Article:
This article helps to explain how interest rates and the state of global financial markets impact where people borrow and lend. The first part of the paper, which explains how interest rates in advanced industrial countries determine capital flows to emerging markets, makes intuitive sense. When safer, more reliable countries have higher interest rates on their bonds, people will be more likely to put their money in those markets. Lenders do not have to undergo as much risk for a relatively high reward. The more interesting, and harder to explain part, is how conditions in emerging markets and interest rates in emerging markets effect how lenders respond to giving money to these potentially more risky borrowers. Supply and demand are very important in explaining the effect of interest rates and the interest rate effect. Developing countries may not be as inclined to issue debt, if they do not believe there will be enough demand to serve their needs. Conversely, if there is huge demand, countries may want to issue more debt. Either way what is happening in other developing countries and in developed countries has an impact on how this debt will be received.
There seem to be so many variable factors that affect whether a debt issuance by a country or a private group will be successful. I had not really thought about the global scale of this before and the interconnectedness of everyone. Countries need debt and many times cannot control when they need to issue it, and if other conditions are out there which make it a less than ideal time to issue bonds there might could be negative effects for the country. They might have to pay higher than they hoped for the debt or other things, which could take away from other things such as programs in place to fight poverty or programs to improve infrastructure. I do not think the United States or another large country would change their interest rates or policies to help the developing countries at the cost of their own, but maybe if they are more conscious of the impact they are making smaller things could result in changes that could help both countries. Everything is interconnected and people and governments should be aware of how their decisions effect others.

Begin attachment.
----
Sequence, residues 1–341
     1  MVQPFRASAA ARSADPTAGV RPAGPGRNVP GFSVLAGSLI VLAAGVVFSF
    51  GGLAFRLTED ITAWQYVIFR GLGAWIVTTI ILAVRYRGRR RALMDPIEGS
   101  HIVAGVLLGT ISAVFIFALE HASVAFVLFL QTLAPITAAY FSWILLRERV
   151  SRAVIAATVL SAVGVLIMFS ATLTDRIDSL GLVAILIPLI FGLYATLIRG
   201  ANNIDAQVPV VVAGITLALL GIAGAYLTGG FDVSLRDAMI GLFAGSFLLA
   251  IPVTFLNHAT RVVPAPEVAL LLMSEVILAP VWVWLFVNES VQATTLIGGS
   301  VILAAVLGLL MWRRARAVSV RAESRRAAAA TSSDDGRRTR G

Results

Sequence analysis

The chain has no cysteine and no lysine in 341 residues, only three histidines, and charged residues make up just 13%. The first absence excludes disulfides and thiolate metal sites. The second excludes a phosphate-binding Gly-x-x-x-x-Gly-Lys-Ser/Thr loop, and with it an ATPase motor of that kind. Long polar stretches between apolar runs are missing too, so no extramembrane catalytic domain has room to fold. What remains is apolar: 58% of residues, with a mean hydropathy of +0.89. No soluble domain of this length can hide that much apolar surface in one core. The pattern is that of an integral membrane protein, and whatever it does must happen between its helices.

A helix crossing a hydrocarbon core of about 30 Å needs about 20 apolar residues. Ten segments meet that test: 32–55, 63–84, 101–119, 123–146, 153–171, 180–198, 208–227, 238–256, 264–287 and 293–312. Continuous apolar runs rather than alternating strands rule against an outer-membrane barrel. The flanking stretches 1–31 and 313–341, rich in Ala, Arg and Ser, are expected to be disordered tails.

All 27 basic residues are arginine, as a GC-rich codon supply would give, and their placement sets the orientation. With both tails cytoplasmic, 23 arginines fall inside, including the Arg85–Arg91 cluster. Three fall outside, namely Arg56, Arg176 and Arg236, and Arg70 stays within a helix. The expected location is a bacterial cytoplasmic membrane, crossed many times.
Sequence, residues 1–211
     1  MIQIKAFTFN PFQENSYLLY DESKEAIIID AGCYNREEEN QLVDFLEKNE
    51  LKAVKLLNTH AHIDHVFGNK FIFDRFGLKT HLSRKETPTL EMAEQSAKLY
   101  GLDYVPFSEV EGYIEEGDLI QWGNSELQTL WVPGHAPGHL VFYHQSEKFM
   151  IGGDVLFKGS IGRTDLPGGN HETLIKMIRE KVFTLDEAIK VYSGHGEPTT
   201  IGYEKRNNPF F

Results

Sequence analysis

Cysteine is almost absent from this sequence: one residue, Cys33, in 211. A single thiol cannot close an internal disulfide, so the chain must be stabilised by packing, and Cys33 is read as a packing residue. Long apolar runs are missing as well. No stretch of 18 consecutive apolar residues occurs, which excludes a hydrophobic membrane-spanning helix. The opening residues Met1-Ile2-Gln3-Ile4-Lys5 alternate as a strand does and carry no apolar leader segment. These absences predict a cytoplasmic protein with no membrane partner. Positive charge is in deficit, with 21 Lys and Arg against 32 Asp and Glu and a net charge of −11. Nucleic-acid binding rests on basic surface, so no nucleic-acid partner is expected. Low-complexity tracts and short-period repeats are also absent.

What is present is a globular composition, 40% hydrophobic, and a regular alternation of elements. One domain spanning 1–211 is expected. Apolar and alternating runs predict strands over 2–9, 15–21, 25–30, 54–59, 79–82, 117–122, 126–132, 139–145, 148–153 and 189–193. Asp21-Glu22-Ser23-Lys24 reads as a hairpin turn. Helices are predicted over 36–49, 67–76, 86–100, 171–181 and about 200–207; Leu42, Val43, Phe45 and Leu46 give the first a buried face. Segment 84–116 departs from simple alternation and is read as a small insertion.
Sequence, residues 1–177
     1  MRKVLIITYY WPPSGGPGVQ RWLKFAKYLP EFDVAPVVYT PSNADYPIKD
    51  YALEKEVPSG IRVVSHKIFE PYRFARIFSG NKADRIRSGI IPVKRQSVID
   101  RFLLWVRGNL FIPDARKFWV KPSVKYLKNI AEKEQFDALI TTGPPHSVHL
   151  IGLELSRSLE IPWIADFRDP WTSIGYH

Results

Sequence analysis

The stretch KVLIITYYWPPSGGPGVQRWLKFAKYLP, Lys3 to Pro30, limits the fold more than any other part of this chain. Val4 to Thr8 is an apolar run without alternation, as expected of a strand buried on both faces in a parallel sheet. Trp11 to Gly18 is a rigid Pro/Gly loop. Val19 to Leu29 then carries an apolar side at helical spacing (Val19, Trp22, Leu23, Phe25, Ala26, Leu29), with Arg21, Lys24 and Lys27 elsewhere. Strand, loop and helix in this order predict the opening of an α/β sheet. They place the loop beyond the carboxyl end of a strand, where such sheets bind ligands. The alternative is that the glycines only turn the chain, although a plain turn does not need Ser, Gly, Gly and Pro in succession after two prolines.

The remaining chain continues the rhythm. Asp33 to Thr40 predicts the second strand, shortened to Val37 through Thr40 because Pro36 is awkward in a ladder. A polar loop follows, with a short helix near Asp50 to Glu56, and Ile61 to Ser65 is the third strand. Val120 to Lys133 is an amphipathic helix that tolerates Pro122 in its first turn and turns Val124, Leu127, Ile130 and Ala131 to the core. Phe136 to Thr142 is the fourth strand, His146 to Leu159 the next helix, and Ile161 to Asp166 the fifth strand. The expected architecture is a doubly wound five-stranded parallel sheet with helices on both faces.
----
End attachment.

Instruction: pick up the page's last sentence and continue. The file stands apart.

Chandler Moody

I’m covering the Eichergreen and Mody “Interest Rates in the North and Capital Flows to the South.” I’m going to first say that I’m not a finance person, so a lot of this paper was hard for me to understand. The purpose of this paper is to find economic evidence regarding interest rates as a determinant of capital flow to emerging markets. The model uses data for primary market spreads of all developing-country bonds issued from 1991-1996. For reference, Latin America had the largest fixed-rate market and East Asia had the largest floating-rate market, where interest rate is variable over the duration of debt obligation. By using launch spreads as their data, the paper highlights how only the credit-worthiest borrowers come to market when global financial conditions tighten. Measures of creditworthiness used included external debt relative to GNP, international reserves relative to GDP, debt service relative to exports, and the variance of the export growth rate. As many other people have noted, it is important to look at both supply and demand side. As we talked about last class, the S curve (savers) and the D curve (borrowers) show where the interest rate lies. This means that the borrower’s decision is as important as the international investors’ side. When rates in the US increase, it is shown to have a negative effect on Latin American borrowers because the demand from international investors decreases. This is just one example of how changing interest rates affect international markets.

Wilson Hallett

In reading Eichengreen and Mody’s article surrounding the flow of capital between the North and the South, I was surprised to read that many of the econometric regression analysis does not support the widely-acclaimed theory that capital inflows to developing countries are largely contingent on interest rates in major financial hubs such as the U.S. As mentioned, the article seeks to illustrate this relationship and uses regression analysis and historical context to do it.